Countries are competing for the founders of the next big company by streamlining visa processes making the exchange of talent and tourism more fluid for the future.
The Australian government has simplified its visa application process while introducing a new scheme for highly skilled workers.
The announcement will be welcome news for the millions of tourists, business visitors and foreign workers who often complain about the large number of different visa sub-classes they need to navigate.
A new short-stay visa has been introduced for workers heading to Australia to perform highly specialised work. It will also cover athletes, entertainers and other highly skilled individuals who have been invited Down Under to take part in events.
However, the new visa doesn’t affect the existing 457 programme for temporary skilled workers, which has been the bedrock of expanding Australia’s workforce in recent years.
The 457 visas have recently come under fire from labour unions worried that too many skilled workers are flooding into the country at the expense of long-term training programmes for Australian citizens.
A new streamlined medical treatment visa that provides for a stay of up to 12 months has also been launched. Along with the new visas, the government has rationalised the existing visa application process to help attract global talent.
Australia’s immigration department has vowed to cut its large number of visa sub-classes in half by 2015.
Brendan O’Connor, minister for immigration and citizenship, said: “The Gillard government is determined to cut red tape and make it easier for visitors to understand which visa they need for a short stay visit or work visa.”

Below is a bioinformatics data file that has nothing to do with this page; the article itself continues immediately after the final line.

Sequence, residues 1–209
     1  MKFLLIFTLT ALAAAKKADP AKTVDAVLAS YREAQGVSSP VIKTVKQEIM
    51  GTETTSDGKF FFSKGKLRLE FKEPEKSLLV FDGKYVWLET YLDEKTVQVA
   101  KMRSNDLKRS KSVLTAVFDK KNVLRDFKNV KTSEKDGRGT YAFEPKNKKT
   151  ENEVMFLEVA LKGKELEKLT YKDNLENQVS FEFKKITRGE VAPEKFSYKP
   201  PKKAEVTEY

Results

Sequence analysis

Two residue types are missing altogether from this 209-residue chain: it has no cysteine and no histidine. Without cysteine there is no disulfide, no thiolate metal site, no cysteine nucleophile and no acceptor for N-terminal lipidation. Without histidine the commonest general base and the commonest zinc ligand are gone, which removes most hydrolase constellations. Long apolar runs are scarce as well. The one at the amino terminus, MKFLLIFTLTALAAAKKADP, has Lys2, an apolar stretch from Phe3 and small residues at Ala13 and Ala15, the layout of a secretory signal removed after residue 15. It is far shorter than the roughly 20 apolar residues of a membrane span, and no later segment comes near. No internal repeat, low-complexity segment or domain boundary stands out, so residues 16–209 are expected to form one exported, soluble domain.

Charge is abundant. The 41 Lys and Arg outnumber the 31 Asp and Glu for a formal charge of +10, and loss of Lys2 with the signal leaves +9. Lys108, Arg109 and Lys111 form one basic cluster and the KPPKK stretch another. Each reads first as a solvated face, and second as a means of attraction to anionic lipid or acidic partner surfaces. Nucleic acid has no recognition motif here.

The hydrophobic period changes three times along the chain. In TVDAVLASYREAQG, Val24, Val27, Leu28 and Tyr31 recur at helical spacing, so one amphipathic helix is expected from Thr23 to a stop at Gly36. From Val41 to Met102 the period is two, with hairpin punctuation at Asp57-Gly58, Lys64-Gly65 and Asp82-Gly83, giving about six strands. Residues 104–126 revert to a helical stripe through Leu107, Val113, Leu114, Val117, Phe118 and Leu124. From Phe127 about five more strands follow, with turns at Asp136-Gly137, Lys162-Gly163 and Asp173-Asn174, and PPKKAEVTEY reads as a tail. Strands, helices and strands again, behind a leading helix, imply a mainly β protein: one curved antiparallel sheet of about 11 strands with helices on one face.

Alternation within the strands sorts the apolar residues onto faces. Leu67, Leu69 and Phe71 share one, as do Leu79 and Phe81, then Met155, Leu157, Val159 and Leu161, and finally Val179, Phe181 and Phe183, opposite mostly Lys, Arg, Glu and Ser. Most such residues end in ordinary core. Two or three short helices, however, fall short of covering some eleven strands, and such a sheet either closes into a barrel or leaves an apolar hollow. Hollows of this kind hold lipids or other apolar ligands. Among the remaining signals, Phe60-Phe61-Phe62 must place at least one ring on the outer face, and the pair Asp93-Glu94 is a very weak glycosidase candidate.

He added that there will be no change to current visa eligibility for tourism, business visitor activities, sponsored family visits and medical treatment.
Australia is determined to put itself on an equal footing with rival G7 economies in the fight to attract highly skilled labour.
Economic powerhouses including Germany and the US have also been tweaking immigration policies to help replenish their ageing workforces.
Technology workers are currently in demand across the globe. Next month, the US Citizenship and Immigration Services will open applications for its H-1B visa, popular among technology companies to attract IT workers.
And Germany has recently streamlined its visa application process to help recruit foreign workers. Its “Make it in Germany” campaign was commended by an OECD report along with its immigrant-friendly policies.
The report said: “Processing times are fast in international comparison; the procedure is inexpensive; and refusal rates are low.”
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